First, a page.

When the S&P 500 ESG (Environmental, Social, and Governance) Index underwent its annual rebalance after markets closed on April 30, 2019, several notable companies were removed, including Wells Fargo, Oracle, and IBM. However, the largest component to be dropped was Facebook.
A day before its exclusion, Facebook held a weight of 2.5% in the S&P 500 ESG Index. At that time, Facebook was the fourth-largest company in the S&P 500, the parent index for the S&P 500 ESG Index, with a weight of 1.9%.
Why was Facebook removed? To better understand, a primer on the S&P ESG Index Series methodology is helpful.
Some ESG indices, like the Dow Jones Sustainability Indices, are narrow in their construction, selecting only a few leading companies in sustainability, industry by industry. Other ESG indices, such as the S&P 500 ESG Index, keep broad exposure but exclude companies lagging in ESG performance or that are involved in certain business activities, such as the production of tobacco or controversial weapons.
To keep alignment with the S&P 500 and to exclude companies underperforming in ESG, companies are ranked within their S&P 500 GICS® industry groups by their S&P DJI ESG Scores. They are then selected, highest to lowest, with the aim of getting as close as possible to a market capitalization threshold of 75% within each industry group.
In the case of Facebook, its overall S&P DJI ESG Score was 21, out of a range of 0 to 100, with 100 being best. This low score resulted in Facebook not being selected as part of the approximately 75% of the Media & Entertainment industry group’s market capitalization included in the S&P 500 ESG Index.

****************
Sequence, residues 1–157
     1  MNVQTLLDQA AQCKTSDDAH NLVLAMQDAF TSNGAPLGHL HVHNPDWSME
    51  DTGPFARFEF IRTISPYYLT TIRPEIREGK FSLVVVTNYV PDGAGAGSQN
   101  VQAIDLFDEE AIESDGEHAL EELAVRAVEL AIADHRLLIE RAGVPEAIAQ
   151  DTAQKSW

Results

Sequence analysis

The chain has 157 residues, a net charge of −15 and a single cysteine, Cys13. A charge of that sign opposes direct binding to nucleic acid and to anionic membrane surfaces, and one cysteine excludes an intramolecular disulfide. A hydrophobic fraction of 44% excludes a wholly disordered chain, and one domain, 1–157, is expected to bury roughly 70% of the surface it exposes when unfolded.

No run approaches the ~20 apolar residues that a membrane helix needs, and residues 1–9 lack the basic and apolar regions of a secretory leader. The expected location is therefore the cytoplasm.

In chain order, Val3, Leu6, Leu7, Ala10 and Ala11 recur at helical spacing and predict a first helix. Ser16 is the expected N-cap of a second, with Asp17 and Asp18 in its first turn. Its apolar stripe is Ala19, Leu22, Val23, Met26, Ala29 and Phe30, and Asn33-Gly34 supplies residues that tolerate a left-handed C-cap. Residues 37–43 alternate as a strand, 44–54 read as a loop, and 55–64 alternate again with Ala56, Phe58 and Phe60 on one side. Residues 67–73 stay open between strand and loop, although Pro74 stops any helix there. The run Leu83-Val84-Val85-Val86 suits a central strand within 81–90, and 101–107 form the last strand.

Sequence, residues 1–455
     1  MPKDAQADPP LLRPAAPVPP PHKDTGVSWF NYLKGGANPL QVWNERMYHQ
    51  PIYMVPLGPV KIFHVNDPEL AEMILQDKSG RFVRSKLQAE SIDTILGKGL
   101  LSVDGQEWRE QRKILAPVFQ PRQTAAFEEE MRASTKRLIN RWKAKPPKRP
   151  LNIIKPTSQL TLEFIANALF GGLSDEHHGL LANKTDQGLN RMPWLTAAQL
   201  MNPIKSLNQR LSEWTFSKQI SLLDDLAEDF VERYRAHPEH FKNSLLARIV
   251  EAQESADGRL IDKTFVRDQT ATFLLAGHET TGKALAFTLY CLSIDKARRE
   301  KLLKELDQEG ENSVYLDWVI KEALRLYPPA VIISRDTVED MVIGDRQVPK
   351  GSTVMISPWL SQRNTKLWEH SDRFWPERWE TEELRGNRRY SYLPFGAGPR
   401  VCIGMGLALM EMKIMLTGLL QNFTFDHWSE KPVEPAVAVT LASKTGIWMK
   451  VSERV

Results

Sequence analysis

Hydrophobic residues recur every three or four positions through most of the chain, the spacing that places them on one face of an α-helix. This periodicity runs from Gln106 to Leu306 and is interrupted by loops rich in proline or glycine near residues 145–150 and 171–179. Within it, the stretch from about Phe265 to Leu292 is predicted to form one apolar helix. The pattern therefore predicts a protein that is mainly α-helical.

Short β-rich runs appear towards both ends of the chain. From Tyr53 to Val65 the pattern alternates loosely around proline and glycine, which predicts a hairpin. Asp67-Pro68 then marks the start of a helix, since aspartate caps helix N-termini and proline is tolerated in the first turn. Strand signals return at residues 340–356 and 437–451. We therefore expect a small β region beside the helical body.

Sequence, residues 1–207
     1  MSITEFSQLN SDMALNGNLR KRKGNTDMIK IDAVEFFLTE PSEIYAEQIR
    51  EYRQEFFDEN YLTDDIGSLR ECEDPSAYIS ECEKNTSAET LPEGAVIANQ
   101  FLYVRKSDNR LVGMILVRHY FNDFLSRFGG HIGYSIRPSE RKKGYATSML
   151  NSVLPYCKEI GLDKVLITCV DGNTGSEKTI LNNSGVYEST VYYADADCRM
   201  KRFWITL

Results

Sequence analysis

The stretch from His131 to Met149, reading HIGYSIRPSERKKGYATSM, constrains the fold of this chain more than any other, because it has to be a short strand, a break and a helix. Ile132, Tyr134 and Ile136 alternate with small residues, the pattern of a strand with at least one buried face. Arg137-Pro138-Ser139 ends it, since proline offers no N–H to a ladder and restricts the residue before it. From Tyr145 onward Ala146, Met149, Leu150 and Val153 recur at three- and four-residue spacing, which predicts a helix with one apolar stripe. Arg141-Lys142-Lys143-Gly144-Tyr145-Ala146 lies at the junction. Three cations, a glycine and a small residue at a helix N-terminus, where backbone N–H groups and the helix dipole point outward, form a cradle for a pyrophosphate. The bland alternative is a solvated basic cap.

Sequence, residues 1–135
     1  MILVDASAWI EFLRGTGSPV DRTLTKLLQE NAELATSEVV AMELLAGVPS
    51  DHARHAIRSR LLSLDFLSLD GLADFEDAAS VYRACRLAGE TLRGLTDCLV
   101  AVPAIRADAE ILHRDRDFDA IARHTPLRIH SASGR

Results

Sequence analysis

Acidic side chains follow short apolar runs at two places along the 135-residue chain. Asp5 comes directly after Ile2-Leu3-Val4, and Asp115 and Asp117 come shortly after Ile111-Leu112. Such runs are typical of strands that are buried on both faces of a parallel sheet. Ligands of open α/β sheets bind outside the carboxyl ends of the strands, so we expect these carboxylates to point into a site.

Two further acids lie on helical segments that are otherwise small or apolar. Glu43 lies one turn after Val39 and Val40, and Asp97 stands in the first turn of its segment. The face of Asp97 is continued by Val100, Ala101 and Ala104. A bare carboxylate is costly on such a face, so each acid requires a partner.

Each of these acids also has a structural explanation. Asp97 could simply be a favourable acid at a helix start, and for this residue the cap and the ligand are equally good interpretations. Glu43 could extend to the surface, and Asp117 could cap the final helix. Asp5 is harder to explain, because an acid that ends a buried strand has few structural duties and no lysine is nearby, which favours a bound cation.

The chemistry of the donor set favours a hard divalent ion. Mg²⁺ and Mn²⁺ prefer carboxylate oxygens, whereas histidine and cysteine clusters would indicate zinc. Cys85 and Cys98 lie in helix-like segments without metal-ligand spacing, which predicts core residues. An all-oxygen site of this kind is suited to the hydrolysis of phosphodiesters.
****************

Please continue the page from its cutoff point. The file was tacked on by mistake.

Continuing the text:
Drilling down further, though its environmental score was strong at 82, this sub-score only carried a 21% weight in determining its aggregate ESG score, as environmental issues tend to be less material for tech companies. More impactful were its social and governance sub-scores, which registered at 22 and 6, respectively. These scores carried weights of 27% and 52%, respectively.
The specific issues resulting in these scores had to do with various privacy concerns, including a lack of transparency as to why Facebook collects and shares certain user information. According to SAM, a unit of RobecoSAM, S&P Dow Jones Indices’ collaborator on the S&P 500 ESG Index, its “Media and Stakeholder (MSA) analysis found that Facebook had experienced many privacy issues over the past 24 months, including allowing more than 150 companies access to more users’ personal data than it had disclosed, misuse of personal information (e.g., Cambridge Analytica) and hacking of almost 50 million accounts. These events have created uncertainty about Facebook’s diligence regarding privacy protection, and the effectiveness of the company risk management processes and how the company enforces them. These issues caused the company to lag behind its peers in terms of ESG performance.”
The good news for Facebook and other members of the S&P 500 is that the composition of the S&P 500 ESG Index is reasonably fluid, rebalancing annually. However, the S&P DJI ESG Scores are relative measures. As Facebook’s peers raise the bar in their ESG performance, Facebook will need to do even more to rejoin the ranks of the S&P 500 ESG Index.